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A salute to Bob Perkins as he signs off from weeknights on WRTI

Bob Perkins in 2022
Joseph V. Labolito
Bob Perkins at the Charles L. Blockson Afro-American Collection's 2022 Juneteenth celebration at Temple University.

Mr. Bob Perkins, WRTI’s own “BP with the GM," is retiring from full-time broadcasting after 25 years at the station and 57 on the air. BP's last WRTI weeknight shift is on Thursday, June 30th from 6 to 9 PM.

One of the most familiar voices on Philadelphia’s airwaves, BP is also an elder statesman of the city’s jazz community, cherished by listeners and musicians alike.

He grew up in South Philadelphia and fell in love with radio as a child. His father built homemade antennas that could pick up broadcasts from hundreds of miles away and the two would sit and listen together.

“I went to a radio school through my father. I listened to all the magnificent voices that they had during the second world war: Edward R. Murrow and all those,” Bob said in an interview in 2020. “I was a war baby. And I listened to these magnificent voices not knowing that one day I would be doing what they were doing. I leaned on them when I got into radio until I got my own sea legs and could navigate on my own.”

BP broke into radio in Detroit on WGPR/WCHB/WCHD in 1964. In 1969, WDAS offered him a news and editorial position and asked if he might be interested in moving back to Philadelphia. He said yes—and he’s been here ever since.

Saxophonist Larry McKenna has been listening to him for 40 years. “He goes way back and he studied by listening to some of the great commentators and broadcasters over the years,” he said. “Bob has always taken that part of his life very seriously and gives credit where credit is due. I’ve always admired him for that.”

After working as a jazz host on WHYY for nearly a decade, Bob joined WRTI in 1997. “I think what separates him from some of the other programming is that Bob is tried and true,” said vocalist Denise King. “He is a part of that time when jazz was juke joints and Friday night fish fries. And he knows the history of the music so well. His show appeals to me in that way. It gives you a feeling of a time gone by, a past era where jazz was the music of the day.”

For younger listeners who might not be as familiar with jazz and are exploring the genre, BP’s’ show is an introductory primer: Jazz 101.

“A lot of people, at least in my experience as an artist, associate this music with their grandparents' music or their parents' music. They don't think that it's accessible to younger people. And it is. I think in some way, Bob is able to bridge that gap,” King said. “He makes it interesting and inclusive for everybody.”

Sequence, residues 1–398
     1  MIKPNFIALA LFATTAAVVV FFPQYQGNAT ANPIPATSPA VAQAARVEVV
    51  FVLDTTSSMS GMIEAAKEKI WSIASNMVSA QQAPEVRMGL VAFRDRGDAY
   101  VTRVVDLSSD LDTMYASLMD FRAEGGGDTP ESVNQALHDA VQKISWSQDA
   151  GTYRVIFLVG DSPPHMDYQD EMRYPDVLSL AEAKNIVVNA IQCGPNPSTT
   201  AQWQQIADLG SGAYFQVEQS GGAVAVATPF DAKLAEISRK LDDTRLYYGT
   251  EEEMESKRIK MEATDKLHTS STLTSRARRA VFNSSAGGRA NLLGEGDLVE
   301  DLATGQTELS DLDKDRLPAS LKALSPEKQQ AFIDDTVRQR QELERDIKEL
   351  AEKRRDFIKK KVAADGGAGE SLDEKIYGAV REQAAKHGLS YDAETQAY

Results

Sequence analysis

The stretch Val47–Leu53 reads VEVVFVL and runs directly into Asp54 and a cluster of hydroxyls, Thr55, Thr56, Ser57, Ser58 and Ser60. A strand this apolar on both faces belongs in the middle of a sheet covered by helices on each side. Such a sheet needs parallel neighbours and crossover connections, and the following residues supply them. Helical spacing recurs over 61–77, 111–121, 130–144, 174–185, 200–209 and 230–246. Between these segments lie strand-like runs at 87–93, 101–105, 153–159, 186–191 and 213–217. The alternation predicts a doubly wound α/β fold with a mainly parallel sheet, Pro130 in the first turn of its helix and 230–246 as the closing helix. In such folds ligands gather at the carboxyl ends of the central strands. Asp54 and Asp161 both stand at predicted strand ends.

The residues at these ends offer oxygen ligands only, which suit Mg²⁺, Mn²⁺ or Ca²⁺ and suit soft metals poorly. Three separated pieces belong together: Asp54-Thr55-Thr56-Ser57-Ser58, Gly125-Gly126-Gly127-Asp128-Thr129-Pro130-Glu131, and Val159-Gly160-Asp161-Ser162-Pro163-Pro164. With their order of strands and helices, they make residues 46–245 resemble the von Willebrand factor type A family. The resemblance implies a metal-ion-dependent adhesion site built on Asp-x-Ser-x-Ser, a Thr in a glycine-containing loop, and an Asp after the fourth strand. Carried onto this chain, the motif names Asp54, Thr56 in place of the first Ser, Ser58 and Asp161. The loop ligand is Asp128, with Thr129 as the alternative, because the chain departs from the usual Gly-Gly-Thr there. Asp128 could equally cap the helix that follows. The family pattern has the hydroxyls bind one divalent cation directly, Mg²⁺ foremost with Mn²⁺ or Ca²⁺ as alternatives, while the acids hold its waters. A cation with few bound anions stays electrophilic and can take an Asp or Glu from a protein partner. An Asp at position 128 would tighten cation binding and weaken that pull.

BP means a great deal to listeners of all ages. Joe Block’s parents were fans of WRTI and the pianist grew up listening to BP, becoming a fan himself. “He has a very comforting presence on the air. Not only with his actual speaking voice, but also with the music he selects,” Block said.

King agrees. Particularly for older listeners, “he gives them the comfort of something familiar,” and makes them “remember that this music that he's playing was the soundtrack to a lot of their lives.” The music Perkins plays can summon Proustian recollections of a first kiss, a dance at the Savoy Ballroom or a joyful reunion after a long absence. “What Bob does, it makes people feel like you’re coming home,” she said.

BP talks about Charlie Parker back in 2020 with WRTI's Susan Lewis:

His presence is felt throughout the city. “I don’t think that there's anybody in Philadelphia who's a true jazz fan who doesn't know who he is,” McKenna said. “Anybody who wants to hear jazz on the radio, you have to tune to WRTI and there’s Bob Perkins.” He also champions local musicians and music. “I think he’s been very good to all the local jazz musicians who have recorded music,” McKenna said. “A lot of us who live here, we don't have any other outlets and are not really known outside of this city, so we don't get airplay unless we go through WRTI.”

Bob is a proud Philadelphian, but he doesn’t just play local music out of loyalty. “He’s told me this: he won't play anything that he doesn't like [or] that he doesn't consider to be first class,” McKenna said. “It's kind of an honor when you are played on his program.”

For Lovett Hines, Artistic Director and Founder of the Music Education Program of the Philadelphia Clef Club of Jazz & Performing Arts, BP represents a sense of history. “He’s one of the last purveyors of our actual history. What makes history so important is it has to be true. It has to be accurate. And the only way you can make it accurate is you have to be there,” he said. “What makes Bob so incredibly important to our music history and the history of Philadelphia is: he was there. His stories are not secondhand.”

Mr. Perkins is stepping away from his shows on weekday evenings, but WRTI listeners will still be able to join him for Sunday Jazz Brunch, from 9 AM to 1 PM.

Pianist Orrin Evans believes BP is vital to Philadelphia’s jazz scene. “We all need that role model, that patriarch to keep it going. Things change,” he said, “but there's always someone that's going to keep us on the right track.”

“We're not a fatherless community. We have a father right now and that's Bob Perkins.”

Listen to BP's last weeknight shift on Thursday, June 30th from 6 to 9 PM.

Edirin is a writer and critic, and director of marketing at Temple University’s University College. A longtime WRTI listener, she is delighted to be a substitute classical music host.